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In many ways the Debian GNU/Linux project is unique among all the distributions that dot the Linux landscape. Apart from putting out a high-grade distribution, it has served as the base for a number of others - Ubuntu and Knoppix, to name just two - which have had a big impact on the growth of the Linux ecosystem.

The project has long, fiery discussions and every little bit of it is on the web for all to see; it has survived the predictions of a great many prophets of doom and naysayers and emerged stronger each time.

The annual elections are also a unique feature. A few days back, the project concluded its elections for the year and Steve McIntyre emerged as the victor in a three-cornered contest. McIntyre may well be the most watched elected official of a non-profit group - the direction the project takes is of vital concern to a great many businesses.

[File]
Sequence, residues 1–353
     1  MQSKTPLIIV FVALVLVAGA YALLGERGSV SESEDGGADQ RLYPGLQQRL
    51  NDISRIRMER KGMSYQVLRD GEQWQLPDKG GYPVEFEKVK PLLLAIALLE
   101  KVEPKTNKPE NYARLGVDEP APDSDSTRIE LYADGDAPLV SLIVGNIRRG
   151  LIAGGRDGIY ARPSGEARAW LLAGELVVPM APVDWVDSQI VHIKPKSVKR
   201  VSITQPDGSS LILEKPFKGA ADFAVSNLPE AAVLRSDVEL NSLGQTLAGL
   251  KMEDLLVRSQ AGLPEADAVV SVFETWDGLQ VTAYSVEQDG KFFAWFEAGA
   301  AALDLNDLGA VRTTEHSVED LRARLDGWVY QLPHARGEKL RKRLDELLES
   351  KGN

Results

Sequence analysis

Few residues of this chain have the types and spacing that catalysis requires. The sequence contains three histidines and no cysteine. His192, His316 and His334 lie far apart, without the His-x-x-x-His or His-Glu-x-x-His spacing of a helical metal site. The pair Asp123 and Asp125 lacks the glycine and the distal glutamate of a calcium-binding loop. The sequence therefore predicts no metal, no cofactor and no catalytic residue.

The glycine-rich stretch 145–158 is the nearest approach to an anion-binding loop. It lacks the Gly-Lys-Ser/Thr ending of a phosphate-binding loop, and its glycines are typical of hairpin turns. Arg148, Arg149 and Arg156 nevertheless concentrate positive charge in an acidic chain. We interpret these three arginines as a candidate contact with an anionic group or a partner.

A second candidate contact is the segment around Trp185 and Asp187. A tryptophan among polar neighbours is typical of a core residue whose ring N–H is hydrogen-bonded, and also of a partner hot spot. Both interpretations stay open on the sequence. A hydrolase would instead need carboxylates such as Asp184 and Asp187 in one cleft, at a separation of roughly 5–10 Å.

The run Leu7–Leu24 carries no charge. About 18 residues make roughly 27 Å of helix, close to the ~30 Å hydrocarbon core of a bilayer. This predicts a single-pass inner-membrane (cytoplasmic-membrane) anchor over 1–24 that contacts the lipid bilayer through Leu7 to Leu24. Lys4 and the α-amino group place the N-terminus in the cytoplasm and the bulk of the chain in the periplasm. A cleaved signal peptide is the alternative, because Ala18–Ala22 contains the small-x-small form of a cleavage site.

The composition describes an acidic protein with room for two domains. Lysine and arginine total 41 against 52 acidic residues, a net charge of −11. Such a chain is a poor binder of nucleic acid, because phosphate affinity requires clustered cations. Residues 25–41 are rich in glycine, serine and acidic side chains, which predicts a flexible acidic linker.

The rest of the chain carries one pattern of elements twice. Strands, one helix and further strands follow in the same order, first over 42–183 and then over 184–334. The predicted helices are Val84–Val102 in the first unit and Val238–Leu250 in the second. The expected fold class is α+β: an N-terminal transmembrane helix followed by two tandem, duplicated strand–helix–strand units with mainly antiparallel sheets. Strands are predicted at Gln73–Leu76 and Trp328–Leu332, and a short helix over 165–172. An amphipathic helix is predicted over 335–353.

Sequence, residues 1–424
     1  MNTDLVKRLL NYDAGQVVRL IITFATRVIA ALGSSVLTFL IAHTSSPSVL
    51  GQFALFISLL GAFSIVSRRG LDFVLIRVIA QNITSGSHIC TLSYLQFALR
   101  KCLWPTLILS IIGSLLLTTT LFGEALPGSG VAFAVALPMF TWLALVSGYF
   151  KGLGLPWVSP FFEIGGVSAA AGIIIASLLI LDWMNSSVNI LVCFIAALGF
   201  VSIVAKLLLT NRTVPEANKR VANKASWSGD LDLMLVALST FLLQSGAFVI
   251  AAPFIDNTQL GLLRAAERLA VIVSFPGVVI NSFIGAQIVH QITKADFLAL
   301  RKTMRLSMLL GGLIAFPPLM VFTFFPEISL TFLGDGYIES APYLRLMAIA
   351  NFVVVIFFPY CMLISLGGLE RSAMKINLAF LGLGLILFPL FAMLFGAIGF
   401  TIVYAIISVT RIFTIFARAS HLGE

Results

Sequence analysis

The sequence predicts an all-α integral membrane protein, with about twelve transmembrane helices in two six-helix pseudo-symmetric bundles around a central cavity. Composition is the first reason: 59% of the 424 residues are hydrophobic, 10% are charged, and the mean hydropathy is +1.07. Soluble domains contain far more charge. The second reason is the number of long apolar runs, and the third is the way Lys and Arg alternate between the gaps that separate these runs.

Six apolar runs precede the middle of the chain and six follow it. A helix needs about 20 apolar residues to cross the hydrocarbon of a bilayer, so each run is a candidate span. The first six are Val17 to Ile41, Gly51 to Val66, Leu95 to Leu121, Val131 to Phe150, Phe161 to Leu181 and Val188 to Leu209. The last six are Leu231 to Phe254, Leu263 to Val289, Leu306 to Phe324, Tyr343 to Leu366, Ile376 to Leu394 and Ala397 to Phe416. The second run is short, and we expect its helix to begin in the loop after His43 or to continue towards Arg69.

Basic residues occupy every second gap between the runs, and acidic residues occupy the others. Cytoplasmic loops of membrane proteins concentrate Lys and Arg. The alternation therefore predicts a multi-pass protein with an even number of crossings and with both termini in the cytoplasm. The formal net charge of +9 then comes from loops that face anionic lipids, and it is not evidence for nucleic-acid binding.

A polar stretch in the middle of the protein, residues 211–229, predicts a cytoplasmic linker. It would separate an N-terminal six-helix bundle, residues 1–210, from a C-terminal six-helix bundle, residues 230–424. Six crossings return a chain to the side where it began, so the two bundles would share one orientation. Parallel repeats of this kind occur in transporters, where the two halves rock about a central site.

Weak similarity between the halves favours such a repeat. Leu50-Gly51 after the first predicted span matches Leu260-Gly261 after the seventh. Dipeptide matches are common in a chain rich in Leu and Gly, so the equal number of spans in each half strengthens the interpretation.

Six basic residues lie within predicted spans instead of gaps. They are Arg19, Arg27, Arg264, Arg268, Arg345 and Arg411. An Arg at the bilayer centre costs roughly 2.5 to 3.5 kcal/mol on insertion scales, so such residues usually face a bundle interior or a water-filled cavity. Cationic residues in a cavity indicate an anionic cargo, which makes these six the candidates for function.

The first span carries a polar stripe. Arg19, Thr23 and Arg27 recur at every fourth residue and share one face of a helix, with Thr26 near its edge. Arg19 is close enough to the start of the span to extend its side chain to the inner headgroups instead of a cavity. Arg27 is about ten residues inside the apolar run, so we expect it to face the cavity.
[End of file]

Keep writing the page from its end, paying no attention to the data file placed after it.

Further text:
A month short of 34, McIntyre has been a Debian developer for the last 12 years. Raised in the northwest of England, he studied engineering at the University of Cambridge where he was first exposed to Linux

He initially used Slackware and later Debian, gradually spending more and more time on the operating system rather than his studies.

McIntyre is employed by Amino Communications, a company in Cambridgeshire that develops Linux-based set-top boxes. He runs the Debian-CD team that creates the official CDs and DVDs to accompany each release and is also part of the team that organises Debconf, the Debian Project's developer conference, each year.

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Sam Varghese

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A professional journalist with decades of experience, Sam for nine years used DOS and then Windows, which led him to start experimenting with GNU/Linux in 1998. Since then he has written widely about the use of both free and open source software, and the people behind the code. His personal blog is titled Irregular Expression.

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